August 9 was a red-letter day in the Chantrill household. You'll never guess why.
Yep, yesterday was the day that A History of Central Banking in Great Britain and the United States arrived from Amazon.
I can tell you, it is a real page-turner. Seriously.
I'm afraid that I've only got through the first four chapters so far, so I can't give a full report on the book. In fact, the story so far only includes the history of the Bank of England up to 1844.
But the story so far is pretty simple. Central bankers are clueless when it comes to stabilizing the economy. Central banks are vehicles for lubricating government finance, and in Britain and the US they have done this job very well. Good work, chaps!
But we expect more of the central bankers. We expect them to lean against the wind. We expect them to lean against bubbles and booms and we expect them to step in to prevent collapse during banking crises.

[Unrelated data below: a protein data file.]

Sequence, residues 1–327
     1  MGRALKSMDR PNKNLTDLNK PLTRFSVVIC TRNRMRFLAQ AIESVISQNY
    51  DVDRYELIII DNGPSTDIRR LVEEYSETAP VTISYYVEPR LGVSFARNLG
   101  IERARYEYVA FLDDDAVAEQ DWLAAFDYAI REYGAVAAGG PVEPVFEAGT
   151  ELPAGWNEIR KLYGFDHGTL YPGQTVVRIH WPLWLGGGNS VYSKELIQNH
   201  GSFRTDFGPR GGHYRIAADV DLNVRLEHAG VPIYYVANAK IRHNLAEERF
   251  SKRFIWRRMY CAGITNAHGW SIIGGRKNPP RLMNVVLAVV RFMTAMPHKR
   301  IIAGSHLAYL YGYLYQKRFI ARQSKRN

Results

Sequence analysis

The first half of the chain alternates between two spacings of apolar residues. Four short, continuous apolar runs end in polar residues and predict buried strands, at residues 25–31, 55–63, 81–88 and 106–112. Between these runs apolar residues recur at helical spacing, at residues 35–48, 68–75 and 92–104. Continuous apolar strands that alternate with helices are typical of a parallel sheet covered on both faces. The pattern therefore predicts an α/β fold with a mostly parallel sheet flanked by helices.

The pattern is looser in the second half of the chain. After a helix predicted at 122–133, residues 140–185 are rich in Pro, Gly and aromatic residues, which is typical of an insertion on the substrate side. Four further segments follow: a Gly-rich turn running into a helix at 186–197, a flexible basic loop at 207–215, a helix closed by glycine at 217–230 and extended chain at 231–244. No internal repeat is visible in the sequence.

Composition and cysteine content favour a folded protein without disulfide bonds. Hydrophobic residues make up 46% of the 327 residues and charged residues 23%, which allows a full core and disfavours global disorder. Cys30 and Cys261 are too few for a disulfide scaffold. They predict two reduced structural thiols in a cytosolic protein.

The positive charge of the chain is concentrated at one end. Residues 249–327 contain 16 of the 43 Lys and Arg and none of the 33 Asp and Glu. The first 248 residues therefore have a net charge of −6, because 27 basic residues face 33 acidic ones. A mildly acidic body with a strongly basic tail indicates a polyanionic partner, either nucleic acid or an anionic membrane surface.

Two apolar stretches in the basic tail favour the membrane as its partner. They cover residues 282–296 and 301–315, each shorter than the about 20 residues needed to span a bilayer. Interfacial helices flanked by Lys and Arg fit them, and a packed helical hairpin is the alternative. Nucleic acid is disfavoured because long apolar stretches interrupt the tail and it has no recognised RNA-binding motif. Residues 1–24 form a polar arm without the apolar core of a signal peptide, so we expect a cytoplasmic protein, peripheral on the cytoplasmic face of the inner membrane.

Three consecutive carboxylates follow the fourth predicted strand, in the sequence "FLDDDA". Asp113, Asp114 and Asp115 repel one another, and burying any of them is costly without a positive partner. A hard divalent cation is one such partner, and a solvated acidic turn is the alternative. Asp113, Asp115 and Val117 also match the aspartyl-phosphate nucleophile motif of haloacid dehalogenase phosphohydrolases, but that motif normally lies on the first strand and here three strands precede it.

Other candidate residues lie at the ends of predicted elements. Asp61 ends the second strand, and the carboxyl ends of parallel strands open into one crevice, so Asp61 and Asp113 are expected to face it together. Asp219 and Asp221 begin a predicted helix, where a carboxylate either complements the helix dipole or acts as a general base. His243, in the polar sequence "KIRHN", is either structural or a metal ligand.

Central bankers are very good at doing their job of acting as the government's banker. Unfortunately, they are lousy at doing what we want them to do, and that is to stop the big booms before they turn into bubbles and busts.
We think of the Bank of England as an august body with the wisdom of Solomon. Not a bit of it. The story of the Bank of England is one clueless mess after another. 1720 and the South Sea Bubble. 1745 and the panic of Bonnie Prince Charlie. 1797 and suspension of the gold standard in the Napoleonic Wars. 1819 and the deflation on the resumption of gold payments after the Napoleonic Wars. The crash of 1825.
But the Bank did a bang-up job of acting as the government's banker. The Brits ran the National Debt up to 250 percent of GDP by the battle of Waterloo. You can credit the Bank of England for that.
What excitement! What suspense! And there are still 300 pages left to go!